WASHINGTON – The long-stalled bipartisan energy modernization bill is expected to move forward in the Senate without an amendment that would have provided Flint, Mich. with $220 million to address its ongoing water crisis.
After weeks of disagreement among Senators over the amendment, its sponsors agreed to remove it from the bill Wednesday night.
Sens. Jim Inhofe, R-Okla., chairman of the Senate Environment and Public Works Committee, Debbie Stabenow, D-Mich. and Rich Peters, D-Mich., had proposed the water infrastructure aid amendment to The Energy Modernization Act of 2015 in February.
The energy bill was introduced in September by Energy & Natural Resources Committee chair Lisa Murkowski, R-Alaska, and would improve and create energy efficiency programs. It has been pending before the full Senate.
The water infrastructure proposal would provide $100 million of drinking water state revolving funds to any state facing a water crisis as well as $70 million to back low-cost loans made under the Water Infrastructure Finance and Innovation Act (WIFIA), which can be used in conjunction with tax-exempt bonds. It would also provide $50 million toward health programs to treat and prevent lead exposure from contaminated drinking water.
Sen. Mike Lee, R-Utah, placed a hold on the amendment in March because of concerns that it would prove too costly. The bill would provide funding to any community facing a water crisis. Lee instead suggested Michigan tap into its $386 million in rainy day funds or its $575 million surplus from 2015 to aid Flint rather than seek federal funding. The Drinking Water State Revolving Fund and Clean Water States Revolving Fund have allotted $24 million and $58 million, respectively, to the state for fiscal 2016, he said.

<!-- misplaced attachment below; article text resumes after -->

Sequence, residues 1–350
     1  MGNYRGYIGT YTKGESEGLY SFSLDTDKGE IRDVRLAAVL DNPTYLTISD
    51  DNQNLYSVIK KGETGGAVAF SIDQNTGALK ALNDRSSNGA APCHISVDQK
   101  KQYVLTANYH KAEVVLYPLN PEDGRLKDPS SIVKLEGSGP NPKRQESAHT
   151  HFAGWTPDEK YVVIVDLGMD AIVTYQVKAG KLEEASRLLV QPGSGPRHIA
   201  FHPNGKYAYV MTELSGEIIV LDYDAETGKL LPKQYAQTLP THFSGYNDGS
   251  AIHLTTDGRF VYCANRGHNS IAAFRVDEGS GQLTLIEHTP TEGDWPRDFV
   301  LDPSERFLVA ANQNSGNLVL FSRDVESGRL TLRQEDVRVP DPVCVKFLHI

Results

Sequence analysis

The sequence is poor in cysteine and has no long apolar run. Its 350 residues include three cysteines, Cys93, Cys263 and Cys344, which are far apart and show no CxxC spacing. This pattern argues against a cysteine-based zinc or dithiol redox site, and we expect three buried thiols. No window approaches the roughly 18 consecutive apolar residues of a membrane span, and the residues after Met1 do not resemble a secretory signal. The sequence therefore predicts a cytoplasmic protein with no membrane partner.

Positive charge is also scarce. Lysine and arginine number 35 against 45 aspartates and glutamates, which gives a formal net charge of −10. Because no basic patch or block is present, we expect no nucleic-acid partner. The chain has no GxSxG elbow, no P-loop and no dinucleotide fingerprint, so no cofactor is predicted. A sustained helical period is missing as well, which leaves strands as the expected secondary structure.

The Stabenow/Inhofe amendment would have required states to submit a plan detailing how the awarded funds would be spent before receiving any federal assistance.
In a statement released Wednesday, Stabenow blasted Lee for his role in blocking the bill and said she will continue to try and get the Flint aid legislation passed.
“It’s totally unacceptable that Sen. Lee continues to block a vote on our fully paid for, bipartisan agreement to help Flint and other communities across the nation who have a series lead and water problems,” Stabenow said.
Stabenow and Inhofe also are considering adding the Flint package as an amendment to the Safe Drinking Water Act Improved Compliance Awareness Act (H.R. 4470). That bill is pending in the Senate as well. Flint, the seventh-largest city in Michigan, has faced lead contamination in its drinking water for the nearly two years since its water supply was changed from Lake Huron and the Detroit River to the Flint River, leading Michigan Gov. Rick Snyder to declare the city under a state of emergency in January.
A final vote date has not been set for the energy bill.